A personal example of habituation is that I grew up with a train track in my backyard. The train would always go over the tracks around 1am each day and would shake the entire house, that’s how close it was. Though I was acutely aware of it at first, after living there for a few weeks, I no longer paid attention to it. It didn’t wake me up in the middle of the night or cause me to get scared. I habituated and adjusted to it. I no longer noticed it or was bothered by it. The more I experienced it and saw that it was not dangerous, and that nothing bad happened, the less I even thought about it. I eventually stopped thinking about it altogether. 

The same is true for feared stimuli: the more someone is exposed to them, the more comfortable they become with them, and the less of a response they have to them. They began to build a tolerance to the thing that was once very distressing.  

Addressing rumination, since it’s a mental compulsion, works in the same manner. Once you stop ruminating or engaging with the thought, the “false alarm” goes off less and less. The more you do this, the more it becomes habitual. Initially you may find yourself starting to ruminate and catch it. It’s important in these moments that you give yourself compassion and try again. It requires dedication and practice. Guidance from a specialty-trained professional will help.

Learn to stop ruminating

If you are struggling with ruminating on intrusive thoughts, exposure and response prevention (ERP) therapy can teach you how to stop engaging with the thoughts causing your distress. You will learn how to sit with uncomfortable feelings and resist the urge to do compulsions. You will see that anxiety, like any other feeling, eventually passes, and you don’t have to do anything to make this happen.

The best way to practice ERP and manage intrusive thoughts and mental compulsions is to work with a therapist trained in ERP. At NOCD, our therapists specialize in OCD and ERP, and they will provide you with a personalized treatment plan designed to meet your unique needs. Your therapist will teach you the skills needed to begin your OCD recovery journey and will support you every step of the way. They will guide you in taking small steps to reach your goals.

Our team of therapists at NOCD are passionate about the treatment of this debilitating disorder and are trained by world-renowned experts. To learn more about working with an NOCD therapist, schedule a free call with our care team.

Stacy Quick, LPC

Stacy Quick LPC, is a therapist at NOCD, specializing in the treatment of OCD. She has been working in the mental health field for nearly 20 years. Her goal is to help members achieve skills to help them live a more fulfilling life without letting OCD be in control. Ms. Quick uses ERP and her lived experiences to help her members understand it is possible to live a life in recovery. She is a mother of 3 children, 2 of whom are also diagnosed with OCD. Ms. Quick is also a writer and content creator. Learn more about Stacy Quick on Instagram: @stacyquick.undone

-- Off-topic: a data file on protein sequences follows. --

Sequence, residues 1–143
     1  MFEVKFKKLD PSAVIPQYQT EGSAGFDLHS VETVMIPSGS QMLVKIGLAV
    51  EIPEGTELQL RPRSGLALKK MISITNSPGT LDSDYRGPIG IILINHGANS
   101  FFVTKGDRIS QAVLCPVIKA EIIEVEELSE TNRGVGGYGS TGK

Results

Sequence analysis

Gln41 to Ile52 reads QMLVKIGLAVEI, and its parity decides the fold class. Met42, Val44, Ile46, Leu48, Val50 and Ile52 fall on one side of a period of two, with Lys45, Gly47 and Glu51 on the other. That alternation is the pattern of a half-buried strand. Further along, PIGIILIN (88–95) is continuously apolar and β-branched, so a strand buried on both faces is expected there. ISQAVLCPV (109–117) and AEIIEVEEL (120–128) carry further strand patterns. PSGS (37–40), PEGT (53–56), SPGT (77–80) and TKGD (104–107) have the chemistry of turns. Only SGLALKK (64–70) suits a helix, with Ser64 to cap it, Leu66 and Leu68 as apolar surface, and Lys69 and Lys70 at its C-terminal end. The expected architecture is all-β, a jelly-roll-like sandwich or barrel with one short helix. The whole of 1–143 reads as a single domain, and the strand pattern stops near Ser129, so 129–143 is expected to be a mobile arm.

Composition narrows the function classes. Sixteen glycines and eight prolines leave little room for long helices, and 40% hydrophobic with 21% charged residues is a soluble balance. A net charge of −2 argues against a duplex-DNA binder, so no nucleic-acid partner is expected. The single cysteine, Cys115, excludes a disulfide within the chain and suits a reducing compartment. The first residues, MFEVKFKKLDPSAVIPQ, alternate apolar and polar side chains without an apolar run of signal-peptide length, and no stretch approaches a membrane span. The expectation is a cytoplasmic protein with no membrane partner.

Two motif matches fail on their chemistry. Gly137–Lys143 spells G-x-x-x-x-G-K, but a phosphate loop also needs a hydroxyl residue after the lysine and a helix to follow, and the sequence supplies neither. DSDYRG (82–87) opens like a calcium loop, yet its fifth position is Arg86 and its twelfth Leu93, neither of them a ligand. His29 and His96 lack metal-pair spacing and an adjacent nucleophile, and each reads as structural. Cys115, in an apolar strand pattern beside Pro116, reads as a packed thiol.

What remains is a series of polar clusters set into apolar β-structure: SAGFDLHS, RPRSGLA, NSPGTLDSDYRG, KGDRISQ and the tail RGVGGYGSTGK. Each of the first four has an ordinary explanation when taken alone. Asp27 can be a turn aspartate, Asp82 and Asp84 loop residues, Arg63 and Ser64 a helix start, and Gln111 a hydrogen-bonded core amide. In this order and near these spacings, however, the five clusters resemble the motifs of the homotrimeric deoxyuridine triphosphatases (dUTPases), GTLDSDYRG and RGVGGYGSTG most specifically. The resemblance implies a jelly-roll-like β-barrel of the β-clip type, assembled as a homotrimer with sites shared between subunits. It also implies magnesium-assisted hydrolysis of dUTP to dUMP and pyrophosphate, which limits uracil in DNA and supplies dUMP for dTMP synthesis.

NOCD Therapists specialize in treating OCD

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Taylor Newendorp

Taylor Newendorp

Network Clinical Training Director

I started as a therapist over 14 years ago, working in different mental health environments. Many people with OCD that weren't being treated for it crossed my path and weren't getting better. I decided that I wanted to help people with OCD, so I became an OCD therapist, and eventually, a clinical supervisor. I treated people using Exposure and Response Prevention (ERP) and saw people get better day in and day out. I continue to use ERP because nothing is more effective in treating OCD.

Madina Alam

Madina Alam

Director of Therapist Engagement

When I started treating OCD, I quickly realized how much this type of work means to me because I had to learn how to be okay with discomfort and uncertainty myself. I’ve been practicing as a licensed therapist since 2016. My graduate work is in mental health counseling, and I use Exposure and Response Prevention (ERP) therapy because it’s the gold standard of OCD treatment.

Andrew Moeller

Andrew Moeller

Licensed Therapy, LMHC

I've been a licensed counselor since 2013, having run my private practice with a steady influx of OCD cases for several years. Out of all the approaches to OCD treatment that I've used, I find Exposure and Response Prevention (ERP) therapy to be the most effective. ERP goes beyond other methods and tackles the problem head-on. By using ERP in our sessions, you can look forward to better days ahead.